Scientists Are Revealing The Weirdest Thing They've Done For Science, And They're Brilliant

You keep your hands to yourself, thank you very much. Grigorita Ko/Shutterstock/Joseph Simko

Social media often gets a bad rap, but it does have its uses – mainly sharing cute, weird or hilarious animal videos – but also offering people a glimpse into the lives of others, people whose careers, vocations, and interests are perhaps different from our own.

Asking an open question on social media can be dangerous territory, but one Twitter user offered up one this week that not only cracked open the weird world of science experiments but also provided an insight into the daily life of being a scientist.

“What’s the weirdest thing you’ve done for science?” Jason Rasgon asked on Twitter.

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It turns out, "weird" is a sliding scale, and one person’s weird is another person’s whatever.

As is so often the case, when it comes to weird, slightly squeamish, and downright gross acts of exploration in the name of science, biologists took the lead and ran.

Unsurprisingly, animal sex, whether that’s watching from afar, interrupting, or even assisting, featured prominently, as did getting up close and personal with some interesting parts of their anatomy.

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Not all experiments take place in the lab. Apparently using homegrown equipment – or whatever you have in the kitchen – is suffice. Think of that the next time you have dinner at a scientist's house.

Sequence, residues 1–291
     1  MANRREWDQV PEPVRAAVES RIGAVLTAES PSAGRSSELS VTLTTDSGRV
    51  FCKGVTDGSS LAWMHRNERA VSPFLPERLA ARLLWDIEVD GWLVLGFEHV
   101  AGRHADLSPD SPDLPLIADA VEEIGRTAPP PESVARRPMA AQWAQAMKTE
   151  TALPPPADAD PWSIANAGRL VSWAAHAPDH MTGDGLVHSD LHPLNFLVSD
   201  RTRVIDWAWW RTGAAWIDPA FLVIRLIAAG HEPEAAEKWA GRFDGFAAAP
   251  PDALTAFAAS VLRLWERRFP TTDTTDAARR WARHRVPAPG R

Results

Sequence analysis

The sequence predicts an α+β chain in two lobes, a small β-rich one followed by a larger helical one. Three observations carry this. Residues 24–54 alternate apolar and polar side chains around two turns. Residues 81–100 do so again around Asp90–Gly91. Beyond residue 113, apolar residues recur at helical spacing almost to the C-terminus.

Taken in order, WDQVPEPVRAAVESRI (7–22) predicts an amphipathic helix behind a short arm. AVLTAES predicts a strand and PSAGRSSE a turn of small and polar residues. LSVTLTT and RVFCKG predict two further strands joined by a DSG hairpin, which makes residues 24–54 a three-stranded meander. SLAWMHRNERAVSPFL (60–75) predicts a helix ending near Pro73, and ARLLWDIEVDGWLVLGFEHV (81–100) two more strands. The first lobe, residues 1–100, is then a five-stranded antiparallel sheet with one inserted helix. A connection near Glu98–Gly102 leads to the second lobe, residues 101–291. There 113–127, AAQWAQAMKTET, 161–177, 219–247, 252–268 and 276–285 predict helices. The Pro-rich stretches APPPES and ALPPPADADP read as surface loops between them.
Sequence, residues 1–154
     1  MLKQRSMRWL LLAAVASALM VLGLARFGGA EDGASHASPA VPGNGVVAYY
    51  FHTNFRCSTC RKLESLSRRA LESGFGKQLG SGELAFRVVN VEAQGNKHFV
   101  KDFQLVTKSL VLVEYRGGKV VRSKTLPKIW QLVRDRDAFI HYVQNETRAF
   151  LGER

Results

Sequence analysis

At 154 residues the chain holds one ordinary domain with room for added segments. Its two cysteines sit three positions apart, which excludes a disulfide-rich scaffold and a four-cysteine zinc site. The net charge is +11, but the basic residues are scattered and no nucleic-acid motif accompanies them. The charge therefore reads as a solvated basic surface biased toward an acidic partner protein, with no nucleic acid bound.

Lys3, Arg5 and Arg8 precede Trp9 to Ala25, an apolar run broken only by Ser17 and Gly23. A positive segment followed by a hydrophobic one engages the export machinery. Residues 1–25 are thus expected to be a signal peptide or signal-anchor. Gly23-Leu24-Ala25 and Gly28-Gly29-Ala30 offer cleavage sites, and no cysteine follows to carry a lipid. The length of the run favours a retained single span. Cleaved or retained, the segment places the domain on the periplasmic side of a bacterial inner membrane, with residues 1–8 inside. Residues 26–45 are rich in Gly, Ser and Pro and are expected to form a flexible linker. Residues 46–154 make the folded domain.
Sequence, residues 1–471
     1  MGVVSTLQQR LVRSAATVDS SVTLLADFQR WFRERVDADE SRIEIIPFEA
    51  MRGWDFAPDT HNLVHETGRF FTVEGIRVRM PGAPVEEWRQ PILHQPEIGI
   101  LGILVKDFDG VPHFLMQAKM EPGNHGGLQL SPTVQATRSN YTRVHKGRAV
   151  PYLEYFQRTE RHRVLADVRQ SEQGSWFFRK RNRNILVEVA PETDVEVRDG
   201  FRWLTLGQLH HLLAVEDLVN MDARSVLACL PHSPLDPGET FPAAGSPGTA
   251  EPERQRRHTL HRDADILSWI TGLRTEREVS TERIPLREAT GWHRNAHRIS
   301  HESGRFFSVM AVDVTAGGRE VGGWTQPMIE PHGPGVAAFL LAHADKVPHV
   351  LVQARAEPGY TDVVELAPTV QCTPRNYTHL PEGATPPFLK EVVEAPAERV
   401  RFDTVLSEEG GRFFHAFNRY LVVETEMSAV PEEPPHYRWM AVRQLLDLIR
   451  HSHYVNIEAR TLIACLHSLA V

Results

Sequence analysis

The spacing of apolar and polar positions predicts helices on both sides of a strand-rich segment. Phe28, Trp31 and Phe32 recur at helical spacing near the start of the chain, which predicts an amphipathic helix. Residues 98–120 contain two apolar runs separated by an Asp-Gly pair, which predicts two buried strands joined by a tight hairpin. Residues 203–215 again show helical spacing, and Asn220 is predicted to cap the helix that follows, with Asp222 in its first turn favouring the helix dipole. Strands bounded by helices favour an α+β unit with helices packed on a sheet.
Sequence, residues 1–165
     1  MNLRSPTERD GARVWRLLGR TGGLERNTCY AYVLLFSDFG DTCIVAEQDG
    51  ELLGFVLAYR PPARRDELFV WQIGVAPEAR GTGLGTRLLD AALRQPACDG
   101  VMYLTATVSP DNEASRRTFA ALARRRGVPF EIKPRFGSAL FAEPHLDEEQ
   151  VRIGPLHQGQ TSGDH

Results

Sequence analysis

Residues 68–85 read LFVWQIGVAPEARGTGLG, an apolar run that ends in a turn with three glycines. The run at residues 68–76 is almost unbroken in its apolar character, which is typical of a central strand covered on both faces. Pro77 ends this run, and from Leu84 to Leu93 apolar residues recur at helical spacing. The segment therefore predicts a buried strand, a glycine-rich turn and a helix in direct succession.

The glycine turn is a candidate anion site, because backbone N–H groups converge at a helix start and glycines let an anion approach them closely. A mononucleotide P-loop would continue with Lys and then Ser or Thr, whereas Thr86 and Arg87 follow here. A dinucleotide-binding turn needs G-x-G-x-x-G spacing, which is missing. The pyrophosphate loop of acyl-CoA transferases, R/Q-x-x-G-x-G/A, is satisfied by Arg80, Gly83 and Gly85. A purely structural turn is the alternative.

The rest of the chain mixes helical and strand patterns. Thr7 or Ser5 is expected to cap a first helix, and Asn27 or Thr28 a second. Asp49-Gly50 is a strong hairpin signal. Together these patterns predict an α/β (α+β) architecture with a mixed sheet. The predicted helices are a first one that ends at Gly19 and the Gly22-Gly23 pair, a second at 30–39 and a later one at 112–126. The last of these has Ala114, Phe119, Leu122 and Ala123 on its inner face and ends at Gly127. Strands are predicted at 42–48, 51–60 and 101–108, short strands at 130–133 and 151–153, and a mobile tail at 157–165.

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Some had some exciting mishaps with human bones.

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Some are just... what? And why... WHY? (In some of these cases we suspect it is best not to know why).

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Although some really do warrant some clarification.

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So there you have it. A little glimpse into the everyday work life of a scientist. If you are one, you're probably thinking, "Pffft, those are nothing, wait until you hear about the time I..." (Seriously, please do share in the comments, we WANT to know what you've done).   

If you're not one (yet) and are considering it as a career path, let me just share with you what my colleague, a zoology graduate, said on learning about this thread: "Did I ever tell you about the bee disco we made at university?"

Why wouldn't you want to be a scientist?

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